Nonprofit supports Brewfest — and more

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From left, Bill Goudge, Kristen Caldwell, John Caldwell, Dane Hollinger, Chris Evans, Ashley Rohrer and Patrick Landon of Bigfork Innovations Group at Wayfarers State Park

Bigfork Brewfest is only about a month away, and the organizers are gearing up for the big event. But leaders with Bigfork Innovations Group, the organization behind the event, said people in the community might not realize the myriad of other initiatives they take on throughout the year around the town.

“It was formed to try to create a way for more people to be involved in the community,” explained Jenny Evans. She and her husband Chris, who run Max’s Market, started the group in 2017 along with Lisa Cloutier and Brian Anderson, the couple behind such Bigfork establishments as The Raven and Whistling Andy’s Distillery.

BIG, as the group is known, aims to bring in “different events that add to the town,” Cloutier said.

Bigfork Brewfest will take place on March 7 this year at Wayfarer’s State Park. Cloutier was part of the original team that started the event about a decade ago, and BIG took over as the event organizer three years ago.

In that time, Evans said Bigfork’s signature springtime celebration has “grown quite a bit.”

They expect more than 30 brewers and 1,200 attendees this year. Evans remembered when the event attracted about half that number of brewers and only 400 or 500 visitors.

“The goal is to expose Bigfork to people,” she explained. She said Brewfest is an opportunity to highlight other area businesses while visitors are in town for the main event.

In addition to Brewfest, BIG organizes the Village Market, Ciderfest, the Hunting Film Tour and, starting this year, the Bigfork Whitewater Festival. BIG’s mission is multifold: to organize community events, encourage volunteerism and raise funds to support the community.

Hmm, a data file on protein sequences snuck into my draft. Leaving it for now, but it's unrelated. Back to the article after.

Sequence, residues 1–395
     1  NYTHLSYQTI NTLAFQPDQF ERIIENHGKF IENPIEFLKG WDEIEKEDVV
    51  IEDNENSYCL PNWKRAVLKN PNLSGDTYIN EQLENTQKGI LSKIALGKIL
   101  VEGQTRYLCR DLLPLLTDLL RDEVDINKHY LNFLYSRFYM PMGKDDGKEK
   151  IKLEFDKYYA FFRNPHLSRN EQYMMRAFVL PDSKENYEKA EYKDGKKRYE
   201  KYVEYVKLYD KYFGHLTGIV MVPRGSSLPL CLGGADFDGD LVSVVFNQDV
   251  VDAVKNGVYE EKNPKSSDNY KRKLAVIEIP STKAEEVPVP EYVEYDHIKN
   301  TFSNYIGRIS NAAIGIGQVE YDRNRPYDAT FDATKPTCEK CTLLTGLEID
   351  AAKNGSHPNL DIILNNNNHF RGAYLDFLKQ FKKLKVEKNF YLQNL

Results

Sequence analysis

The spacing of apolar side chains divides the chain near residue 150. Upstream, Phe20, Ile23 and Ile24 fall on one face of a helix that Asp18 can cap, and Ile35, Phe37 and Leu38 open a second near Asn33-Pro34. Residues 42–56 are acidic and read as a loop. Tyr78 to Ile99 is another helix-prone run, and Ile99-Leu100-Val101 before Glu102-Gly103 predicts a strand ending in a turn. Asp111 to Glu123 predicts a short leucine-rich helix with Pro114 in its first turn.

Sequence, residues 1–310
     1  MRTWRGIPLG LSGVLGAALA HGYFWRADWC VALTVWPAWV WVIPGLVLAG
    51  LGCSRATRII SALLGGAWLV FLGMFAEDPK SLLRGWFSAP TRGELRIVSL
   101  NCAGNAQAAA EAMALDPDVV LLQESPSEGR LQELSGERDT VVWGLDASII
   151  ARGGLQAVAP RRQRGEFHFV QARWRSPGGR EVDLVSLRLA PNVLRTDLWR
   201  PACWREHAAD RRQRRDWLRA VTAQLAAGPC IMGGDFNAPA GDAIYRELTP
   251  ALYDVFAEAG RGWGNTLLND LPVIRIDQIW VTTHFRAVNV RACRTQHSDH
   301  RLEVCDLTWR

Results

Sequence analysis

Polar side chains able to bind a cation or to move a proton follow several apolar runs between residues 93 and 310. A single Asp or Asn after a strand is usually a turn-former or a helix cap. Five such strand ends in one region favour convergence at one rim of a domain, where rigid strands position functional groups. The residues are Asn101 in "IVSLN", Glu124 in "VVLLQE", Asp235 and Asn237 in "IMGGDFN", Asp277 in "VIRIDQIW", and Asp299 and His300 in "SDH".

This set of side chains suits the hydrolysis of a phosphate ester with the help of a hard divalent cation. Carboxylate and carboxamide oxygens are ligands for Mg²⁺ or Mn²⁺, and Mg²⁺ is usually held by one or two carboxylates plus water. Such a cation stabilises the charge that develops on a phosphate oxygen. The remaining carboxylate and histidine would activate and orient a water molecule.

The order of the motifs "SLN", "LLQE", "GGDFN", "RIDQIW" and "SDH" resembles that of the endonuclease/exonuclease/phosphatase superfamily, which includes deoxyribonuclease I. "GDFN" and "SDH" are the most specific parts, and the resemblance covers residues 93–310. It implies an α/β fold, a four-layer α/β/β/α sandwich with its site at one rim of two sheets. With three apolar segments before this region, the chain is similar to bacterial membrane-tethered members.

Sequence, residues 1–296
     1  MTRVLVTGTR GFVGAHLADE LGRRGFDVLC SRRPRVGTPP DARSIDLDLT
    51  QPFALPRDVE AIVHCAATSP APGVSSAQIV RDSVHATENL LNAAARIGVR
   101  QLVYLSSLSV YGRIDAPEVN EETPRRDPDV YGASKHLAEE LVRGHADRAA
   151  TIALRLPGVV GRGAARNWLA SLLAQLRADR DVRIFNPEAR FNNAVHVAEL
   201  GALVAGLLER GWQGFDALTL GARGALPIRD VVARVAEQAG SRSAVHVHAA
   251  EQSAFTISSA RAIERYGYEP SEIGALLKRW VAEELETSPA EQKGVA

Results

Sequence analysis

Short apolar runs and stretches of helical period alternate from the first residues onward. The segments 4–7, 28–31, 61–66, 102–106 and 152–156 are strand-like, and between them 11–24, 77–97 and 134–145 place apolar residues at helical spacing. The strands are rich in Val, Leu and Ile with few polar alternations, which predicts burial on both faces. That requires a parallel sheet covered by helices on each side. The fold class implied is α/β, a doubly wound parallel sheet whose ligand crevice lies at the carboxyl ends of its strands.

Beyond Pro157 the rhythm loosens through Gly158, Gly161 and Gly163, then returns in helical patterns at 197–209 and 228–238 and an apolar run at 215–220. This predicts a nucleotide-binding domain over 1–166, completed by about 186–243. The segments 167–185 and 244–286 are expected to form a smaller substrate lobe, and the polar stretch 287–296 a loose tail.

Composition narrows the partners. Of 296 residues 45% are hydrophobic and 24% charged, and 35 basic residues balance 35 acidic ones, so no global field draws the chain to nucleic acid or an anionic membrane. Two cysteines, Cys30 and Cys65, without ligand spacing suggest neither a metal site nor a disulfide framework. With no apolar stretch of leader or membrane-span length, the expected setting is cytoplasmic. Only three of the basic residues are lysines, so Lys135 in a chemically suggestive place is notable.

“We’re focused on bringing events that are family-friendly … and supporting local charities,” Cloutier explained.

BIG has about 50 active members who volunteer at events like Brewfest and the Village Market. So far, they have raised about $25,000 each year through these initiatives. Some of these funds go back to supporting other area nonprofits like ACES, the Bigfork Rotary and the Community Foundation for a Better Bigfork.

Evans and Cloutier said BIG is set apart from similar community groups by its diverse membership and organizational focus.

BIG took shape “out of a desire we saw to get a more diverse group,” said Evans. “The reason BIG was created is it’s just a very open group.”

Cloutier agreed: “We have a good mixture. We’re not excluding anybody.”

She said members range from new Bigfork arrivals to longtime residents, and people in their early twenties to retirees in their seventies.

Evans insisted their monthly meetings are “social and casual.”

“Everybody has a voice,” she added.

She also explained BIG focuses on “looking at doing things in the community others aren’t able to do.”

Both Evans and Cloutier have served on the Bigfork Chamber of Commerce Board of Directors, and Cloutier said they started BIG to support an even broader range of activities in the community. She and Evans noticed groups like the Chamber can be limited by their focus on business and tourism, and other nonprofits confront limited funding and membership.

Cloutier said BIG tries to fill in the gaps from other groups’ “limited bandwidth” and support different events to add variety to the town. “We want to be there for some of these smaller ones,” she said of other Bigfork charities.

And Evans added, “We work with other organizations and donate to them. It works very synergistically.”

Evans said the best way to get involved with BIG is to come to monthly meetings. “We’re a very open and welcoming group,” she insisted. »

Reporter Bret Anne Serbin may be reached at or 758-4459.

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